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Effect of the midazolam added with propofol‐based sedation in esophagogastroduodenoscopy: A randomized trial

 Eun Hye Kim  ;  Jun Chul Park  ;  Sung Kwan Shin  ;  Yong Chan Lee  ;  Sang Kil Lee 
 Journal of Gastroenterology and Hepatology, Vol.33(4) : 894-899, 2018 
Journal Title
 Journal of Gastroenterology and Hepatology 
Issue Date
Adult ; Aged ; Conscious Sedation/adverse effects ; Conscious Sedation/methods* ; Conscious Sedation/psychology ; Drug Combinations ; Endoscopy, Digestive System* ; Female ; Humans ; Male ; Midazolam/administration & dosage* ; Middle Aged ; Personal Satisfaction ; Propofol/administration & dosage* ; Prospective Studies ; Safety
endoscopy ; midazolam ; propofol ; sedation
BACKGROUND AND AIM: Although propofol has been widely used for sedation during esophagogastroduodenoscopy (EGD), adverse events including hypoxia and hypotension may be a concern in the propofol-based sedation. We aimed to analyze whether administration of midazolam would improve safety and efficacy of propofol-based sedation in EGD. METHODS: One hundred twenty patients who were scheduled to undergo diagnostic EGD were randomly assigned to either midazolam plus propofol (MP) or propofol alone groups. In the MP group, 2 mg of midazolam and 10 mg of propofol were given initially. In the propofol alone group, 40-60 mg of propofol was given initially. In both groups, 20 mg of propofol was given repeatedly to maintain moderate sedation as needed. Vital signs including oxygen saturation were monitored every 2 min. After the patients fully recovered, satisfaction score was investigated from endoscopists, nurses, and patients, respectively. RESULTS: The baseline characteristics did not differ between the MP and propofol alone groups. The mean required doses of propofol was (mean ± standard deviation) 0.3 ± 0.3 and 0.8 ± 0.2 mg/kg in the MP and propofol alone groups, respectively (P < 0.001). In addition, sedation-related adverse events and recovery time did not differ between the two groups. The proportion of satisfactory did not differ between the two groups (MP vs propofol alone; proportion; patient, 95.0% vs 93.3%, P > 0.999; endoscopist, 73.3% vs 80.0%, P = 0.064; nurse, 73.3% vs 76.7%, P = 0.551). CONCLUSION: Adding midazolam to propofol did not reduced the safety and efficacy, and sedation using propofol alone could be suitable for sedation during diagnostic EGD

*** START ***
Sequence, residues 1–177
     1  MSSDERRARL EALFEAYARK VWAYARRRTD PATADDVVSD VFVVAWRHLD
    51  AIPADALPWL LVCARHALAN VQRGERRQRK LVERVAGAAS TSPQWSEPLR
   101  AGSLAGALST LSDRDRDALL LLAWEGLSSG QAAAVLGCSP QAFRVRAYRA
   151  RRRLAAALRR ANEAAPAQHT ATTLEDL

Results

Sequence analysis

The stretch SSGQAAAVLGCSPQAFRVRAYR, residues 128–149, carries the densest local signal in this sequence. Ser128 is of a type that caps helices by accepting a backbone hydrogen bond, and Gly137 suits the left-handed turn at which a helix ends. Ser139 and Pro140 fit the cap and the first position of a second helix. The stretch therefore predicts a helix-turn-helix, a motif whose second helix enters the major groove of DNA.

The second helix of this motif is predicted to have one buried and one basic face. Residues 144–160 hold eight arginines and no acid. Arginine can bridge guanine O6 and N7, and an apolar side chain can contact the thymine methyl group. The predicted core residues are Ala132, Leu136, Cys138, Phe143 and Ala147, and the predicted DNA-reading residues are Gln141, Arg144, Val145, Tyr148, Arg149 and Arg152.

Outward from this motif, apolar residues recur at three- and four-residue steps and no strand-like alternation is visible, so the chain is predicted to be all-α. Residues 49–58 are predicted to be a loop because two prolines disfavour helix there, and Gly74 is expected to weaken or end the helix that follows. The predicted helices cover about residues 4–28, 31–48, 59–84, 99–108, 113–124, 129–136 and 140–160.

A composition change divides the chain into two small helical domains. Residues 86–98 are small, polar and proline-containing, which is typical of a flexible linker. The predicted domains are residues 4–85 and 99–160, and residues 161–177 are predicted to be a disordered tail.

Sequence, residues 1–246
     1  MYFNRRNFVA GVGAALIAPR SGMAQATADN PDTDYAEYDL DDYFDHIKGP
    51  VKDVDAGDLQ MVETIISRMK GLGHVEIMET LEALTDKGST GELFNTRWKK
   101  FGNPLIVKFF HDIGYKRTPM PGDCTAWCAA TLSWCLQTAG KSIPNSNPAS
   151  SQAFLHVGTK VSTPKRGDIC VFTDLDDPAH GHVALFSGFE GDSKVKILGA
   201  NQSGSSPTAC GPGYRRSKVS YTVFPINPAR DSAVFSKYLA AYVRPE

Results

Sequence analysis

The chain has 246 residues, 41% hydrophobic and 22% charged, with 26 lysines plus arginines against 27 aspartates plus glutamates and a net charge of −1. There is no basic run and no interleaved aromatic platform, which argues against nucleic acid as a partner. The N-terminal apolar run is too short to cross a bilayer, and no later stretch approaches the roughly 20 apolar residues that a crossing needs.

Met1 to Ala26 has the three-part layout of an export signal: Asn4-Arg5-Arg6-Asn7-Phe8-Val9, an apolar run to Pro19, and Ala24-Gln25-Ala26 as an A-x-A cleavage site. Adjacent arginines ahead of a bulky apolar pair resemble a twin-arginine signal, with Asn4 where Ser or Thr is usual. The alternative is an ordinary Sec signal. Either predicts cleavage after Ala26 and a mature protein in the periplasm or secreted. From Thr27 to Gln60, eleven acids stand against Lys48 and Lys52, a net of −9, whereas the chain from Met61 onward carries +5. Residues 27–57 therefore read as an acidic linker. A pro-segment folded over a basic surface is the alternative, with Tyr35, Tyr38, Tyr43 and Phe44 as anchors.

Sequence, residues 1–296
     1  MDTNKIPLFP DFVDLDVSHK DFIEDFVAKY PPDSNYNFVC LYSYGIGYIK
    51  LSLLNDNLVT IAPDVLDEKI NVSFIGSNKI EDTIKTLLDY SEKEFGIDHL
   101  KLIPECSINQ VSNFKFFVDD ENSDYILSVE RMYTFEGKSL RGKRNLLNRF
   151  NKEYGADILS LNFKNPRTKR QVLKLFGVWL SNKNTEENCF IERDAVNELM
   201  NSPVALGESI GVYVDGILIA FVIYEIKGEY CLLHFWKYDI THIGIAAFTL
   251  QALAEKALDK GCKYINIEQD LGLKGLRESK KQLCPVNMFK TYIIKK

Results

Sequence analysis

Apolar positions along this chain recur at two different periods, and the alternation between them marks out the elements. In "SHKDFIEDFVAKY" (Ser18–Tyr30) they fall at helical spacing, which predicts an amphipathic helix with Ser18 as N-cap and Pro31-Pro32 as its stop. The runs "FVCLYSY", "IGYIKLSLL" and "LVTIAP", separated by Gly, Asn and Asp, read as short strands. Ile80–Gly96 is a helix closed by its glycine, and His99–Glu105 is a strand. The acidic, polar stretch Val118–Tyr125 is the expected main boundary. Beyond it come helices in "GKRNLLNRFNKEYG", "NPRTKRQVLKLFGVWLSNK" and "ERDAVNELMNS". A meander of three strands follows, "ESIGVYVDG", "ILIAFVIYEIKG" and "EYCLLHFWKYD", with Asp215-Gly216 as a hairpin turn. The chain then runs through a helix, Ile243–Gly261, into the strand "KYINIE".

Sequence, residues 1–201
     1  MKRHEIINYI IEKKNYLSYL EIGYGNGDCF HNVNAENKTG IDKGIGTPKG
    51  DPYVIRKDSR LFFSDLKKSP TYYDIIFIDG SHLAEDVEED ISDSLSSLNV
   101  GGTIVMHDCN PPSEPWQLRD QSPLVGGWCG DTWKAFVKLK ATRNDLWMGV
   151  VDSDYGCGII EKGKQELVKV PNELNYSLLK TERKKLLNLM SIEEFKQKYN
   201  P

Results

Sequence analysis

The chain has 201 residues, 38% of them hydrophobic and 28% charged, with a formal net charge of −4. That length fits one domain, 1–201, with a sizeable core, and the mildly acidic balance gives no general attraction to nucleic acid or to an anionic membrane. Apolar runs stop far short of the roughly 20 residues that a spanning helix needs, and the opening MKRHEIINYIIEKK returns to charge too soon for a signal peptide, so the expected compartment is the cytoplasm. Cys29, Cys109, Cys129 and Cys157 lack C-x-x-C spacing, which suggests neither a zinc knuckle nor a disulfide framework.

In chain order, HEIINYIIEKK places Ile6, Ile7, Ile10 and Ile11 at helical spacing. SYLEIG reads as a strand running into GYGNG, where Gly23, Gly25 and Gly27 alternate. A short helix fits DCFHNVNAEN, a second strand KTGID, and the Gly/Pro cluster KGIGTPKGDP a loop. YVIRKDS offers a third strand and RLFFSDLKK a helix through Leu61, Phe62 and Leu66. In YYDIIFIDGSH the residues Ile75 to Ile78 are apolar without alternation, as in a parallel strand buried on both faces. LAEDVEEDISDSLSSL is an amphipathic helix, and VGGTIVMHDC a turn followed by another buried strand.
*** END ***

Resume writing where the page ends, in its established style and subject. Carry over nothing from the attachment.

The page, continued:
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1. College of Medicine (의과대학) > Dept. of Internal Medicine (내과학교실) > 1. Journal Papers
Yonsei Authors
김은혜(Kim, Eun Hye) ORCID logo https://orcid.org/0000-0001-6691-6837
박준철(Park, Jun Chul) ORCID logo https://orcid.org/0000-0001-8018-0010
신성관(Shin, Sung Kwan)
이상길(Lee, Sang Kil) ORCID logo https://orcid.org/0000-0002-0721-0364
이용찬(Lee, Yong Chan)
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